The French Horn in Eighteenth Century Germany: Its Technique, Physical Development, and its Influence in the Horn Music of England

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dc.contributor.advisor Keiler, Allan
dc.contributor.author Loikith, Stephen
dc.date.accessioned 2011-05-24T19:37:44Z
dc.date.available 2011-05-24T19:37:44Z
dc.date.issued 2011
dc.identifier.uri http://hdl.handle.net/10192/24400
dc.description.abstract The French horn, originally an outdoors instrument, began its development into an orchestral instrument the eighteenth century. Its transfer from an outdoors instrument of French origin to a flexible and refined orchestral instrument came from the Germans in the late seventeenth century by a visit to the Parisian court by the Bohemian prince Franz Anton von Sporck in 1680. It was from that point that the music began its growth in popularity by German composers such as Johann David Heinichen, Georg Philipp Telemann, Johann Sebastian Bach, and many others. The instrument makers also were making significant advances in the French instrument’s design. The horn’s presence and popularity in England, however, presents the issue that will be discussed in this thesis. It was through the music of George Frederick Handel, who before his arrival in London composed in Hamburg that the influence of the German horn was brought to England. \tUsing musical examples and evidence provided by the musical instruments themselves, I will demonstrate a clear German influence in the music Handel and his contemporaries, and in the construction of the horn makers of this time period. Prior to Handel’s arrival, the horn in England was purely for aristocratic entertainment, being utilized in processions and other celebratory events. Once Handel arrives in London, the horn makes its first appearance in English orchestral music: Water Music (ca. 1717). It was from there that a high number of musical techniques seen in Germanic music are being utilized in the music of Handel and his contemporaries. By the mid eighteenth century, a number of Viennese horn makers begin to take shop in London, popularizing the Germanic style in the instruments themselves while also developing a unique horn making style for England. It is through this evidence that a direct line can be made to the music of Handel with the advancement of the horn in English music.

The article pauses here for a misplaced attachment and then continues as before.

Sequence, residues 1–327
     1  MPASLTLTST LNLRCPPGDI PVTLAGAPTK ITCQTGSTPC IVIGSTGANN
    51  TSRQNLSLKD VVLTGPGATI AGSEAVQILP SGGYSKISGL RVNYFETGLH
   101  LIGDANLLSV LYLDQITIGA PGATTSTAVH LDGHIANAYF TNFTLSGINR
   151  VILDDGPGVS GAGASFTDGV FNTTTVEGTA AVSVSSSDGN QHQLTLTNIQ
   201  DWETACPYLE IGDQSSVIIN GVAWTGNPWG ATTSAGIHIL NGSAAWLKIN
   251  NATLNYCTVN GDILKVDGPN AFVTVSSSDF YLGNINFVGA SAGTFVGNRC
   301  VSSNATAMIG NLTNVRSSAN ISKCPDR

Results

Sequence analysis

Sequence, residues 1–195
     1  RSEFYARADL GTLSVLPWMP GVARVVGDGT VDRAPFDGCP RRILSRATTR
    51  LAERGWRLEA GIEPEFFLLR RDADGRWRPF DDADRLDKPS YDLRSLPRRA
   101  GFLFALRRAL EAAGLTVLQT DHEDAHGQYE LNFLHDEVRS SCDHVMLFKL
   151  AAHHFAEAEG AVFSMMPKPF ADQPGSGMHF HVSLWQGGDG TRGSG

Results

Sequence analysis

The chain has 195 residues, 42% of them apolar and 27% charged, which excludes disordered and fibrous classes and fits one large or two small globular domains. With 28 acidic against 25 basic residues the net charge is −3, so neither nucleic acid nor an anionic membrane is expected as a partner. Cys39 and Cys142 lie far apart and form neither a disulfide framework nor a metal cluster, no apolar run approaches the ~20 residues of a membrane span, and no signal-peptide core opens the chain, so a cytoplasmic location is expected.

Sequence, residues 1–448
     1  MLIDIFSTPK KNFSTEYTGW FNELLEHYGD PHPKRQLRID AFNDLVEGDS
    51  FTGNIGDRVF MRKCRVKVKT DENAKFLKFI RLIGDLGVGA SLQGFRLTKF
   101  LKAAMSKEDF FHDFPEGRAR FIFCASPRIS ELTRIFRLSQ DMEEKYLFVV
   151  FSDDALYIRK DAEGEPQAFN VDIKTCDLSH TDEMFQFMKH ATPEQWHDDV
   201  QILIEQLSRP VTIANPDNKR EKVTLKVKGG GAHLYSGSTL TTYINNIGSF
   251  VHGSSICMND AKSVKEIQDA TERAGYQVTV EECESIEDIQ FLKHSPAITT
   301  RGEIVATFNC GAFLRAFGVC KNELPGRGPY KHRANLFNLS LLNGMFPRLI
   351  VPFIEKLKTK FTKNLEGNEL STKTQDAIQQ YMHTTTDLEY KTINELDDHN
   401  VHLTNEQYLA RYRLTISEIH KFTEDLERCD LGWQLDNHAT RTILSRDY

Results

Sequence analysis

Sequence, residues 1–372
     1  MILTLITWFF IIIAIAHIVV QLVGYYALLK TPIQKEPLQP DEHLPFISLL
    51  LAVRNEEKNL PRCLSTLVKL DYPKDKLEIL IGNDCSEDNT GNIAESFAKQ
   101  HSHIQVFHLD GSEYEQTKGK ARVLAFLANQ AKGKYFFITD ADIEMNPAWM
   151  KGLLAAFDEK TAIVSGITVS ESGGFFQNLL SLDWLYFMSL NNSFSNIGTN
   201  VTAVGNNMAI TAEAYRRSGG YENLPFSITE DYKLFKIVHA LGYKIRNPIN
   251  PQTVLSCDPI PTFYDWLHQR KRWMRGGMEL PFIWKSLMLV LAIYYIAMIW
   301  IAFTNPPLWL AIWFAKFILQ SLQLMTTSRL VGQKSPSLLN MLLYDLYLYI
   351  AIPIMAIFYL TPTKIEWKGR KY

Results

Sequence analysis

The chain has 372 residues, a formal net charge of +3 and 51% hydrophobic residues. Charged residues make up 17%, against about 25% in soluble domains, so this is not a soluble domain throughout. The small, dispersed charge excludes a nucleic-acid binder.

dc.description.sponsorship Brandeis University, Graduate School of Arts and Sciences
dc.format.mimetype application/pdf
dc.language English
dc.language.iso eng
dc.publisher Brandeis University
dc.relation.ispartofseries Brandeis University Theses and Dissertations
dc.rights Copyright by Stephen Loikith 2011
dc.subject J.D. Heinichen
dc.subject Horn
dc.subject J.S. Bach
dc.subject Baroque Horn
dc.subject Baroque Music
dc.subject Handel
dc.title The French Horn in Eighteenth Century Germany: Its Technique, Physical Development, and its Influence in the Horn Music of England
dc.type Thesis
dc.contributor.department Department of Music
dc.degree.name MA
dc.degree.level Masters
dc.degree.discipline Music
dc.degree.grantor Brandeis University, Graduate School of Arts and Sciences
dc.description.esploro yes


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